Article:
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Setting Up a Charitable Trust: Step by Step Guide

By: J.A.J Aaronson - Updated: 5 Oct 2017 | comments*Discuss
 
Charitable Trust Set Up Charity Charity

There are numerous reasons for setting up a charitable trust. Many people want to ensure that their assets are used to fund charitable ventures, and they establish a trust as a form of guarantee that those assets will be disbursed in a suitable manner. Alternatively, some people establish charitable trusts in order to take an active role in the life of existing charities – or to set up a charitable venture of their own.

Setting up a charitable trust is not a particularly onerous task, despite what some organisations will have you believe. There are numerous bodies offering to do the work on your behalf and, while you may wish to take advantage of this, there is no reason why someone with a bit of time and patience cannot do it themselves.

1. Draw up a trust document

To begin with you will need to draw up a Trust Deed. This is the document that governs the way in which the trust is run. It will explain how members will determine which causes the trust will support, and may outline any limits on the way that assets can be disbursed. It is important that this document is legally valid – and, if you intend to apply for charitable status, that is satisfies the Charity Commission requirements. You may wish to have a solicitor help you with this. It is also important to remember that trustees will generally not be permitted to benefit from the trust. This means you are unlikely to be paid for your work.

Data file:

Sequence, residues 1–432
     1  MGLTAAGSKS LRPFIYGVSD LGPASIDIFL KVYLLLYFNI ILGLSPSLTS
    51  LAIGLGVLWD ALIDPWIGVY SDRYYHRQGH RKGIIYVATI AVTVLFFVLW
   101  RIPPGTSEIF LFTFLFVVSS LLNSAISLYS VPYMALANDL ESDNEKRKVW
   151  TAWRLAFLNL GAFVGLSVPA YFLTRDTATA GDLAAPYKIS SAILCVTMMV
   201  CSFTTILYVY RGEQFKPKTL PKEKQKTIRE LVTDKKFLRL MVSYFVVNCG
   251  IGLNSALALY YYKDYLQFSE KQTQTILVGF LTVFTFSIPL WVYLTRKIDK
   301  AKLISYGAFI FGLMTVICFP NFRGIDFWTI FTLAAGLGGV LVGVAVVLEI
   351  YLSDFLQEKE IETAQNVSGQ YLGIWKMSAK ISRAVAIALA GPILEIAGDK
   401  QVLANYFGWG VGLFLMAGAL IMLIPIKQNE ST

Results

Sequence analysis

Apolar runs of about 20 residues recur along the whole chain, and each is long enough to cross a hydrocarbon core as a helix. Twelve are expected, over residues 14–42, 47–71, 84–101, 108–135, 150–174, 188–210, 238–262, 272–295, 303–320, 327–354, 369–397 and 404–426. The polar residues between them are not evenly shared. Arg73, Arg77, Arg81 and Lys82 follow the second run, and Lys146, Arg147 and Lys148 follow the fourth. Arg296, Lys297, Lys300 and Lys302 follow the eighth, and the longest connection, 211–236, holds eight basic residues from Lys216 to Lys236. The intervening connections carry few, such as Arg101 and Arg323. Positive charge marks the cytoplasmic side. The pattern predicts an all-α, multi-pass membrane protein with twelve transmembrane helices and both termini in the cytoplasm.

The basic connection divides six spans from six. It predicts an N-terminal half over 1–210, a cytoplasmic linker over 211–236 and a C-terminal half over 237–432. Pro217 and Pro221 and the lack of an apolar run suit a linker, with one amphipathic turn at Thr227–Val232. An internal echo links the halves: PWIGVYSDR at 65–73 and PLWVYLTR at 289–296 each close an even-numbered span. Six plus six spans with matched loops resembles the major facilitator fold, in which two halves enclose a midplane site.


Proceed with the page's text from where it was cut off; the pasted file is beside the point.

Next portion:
2. Fund your trust

Having established your trust you will need to fund it. You can do this by transferring assets yourself (known as a Gift of Property or, in the case of stocks, a Gift of Shares), or by soliciting donations. If your trust satisfies the Charity Commission requirements you will also be able to claim Gift Aid on donations made. However, you should remember that this is only the case for donors that are UK taxpayers.

3. Apply for charitable status

It is generally advisable for charitable trusts to apply for charitable status. This will provide you with favourable tax treatment, amongst other perks. However, it does increase the regulatory burden on your activities; you will be required, for example, to submit regular accounts to the Charity Commission.

Applying for charitable status is not a complicated process, but it does involve a lot of form-filling. There is further information on the application procedure available on the Charity Commission website.

4. Submit your records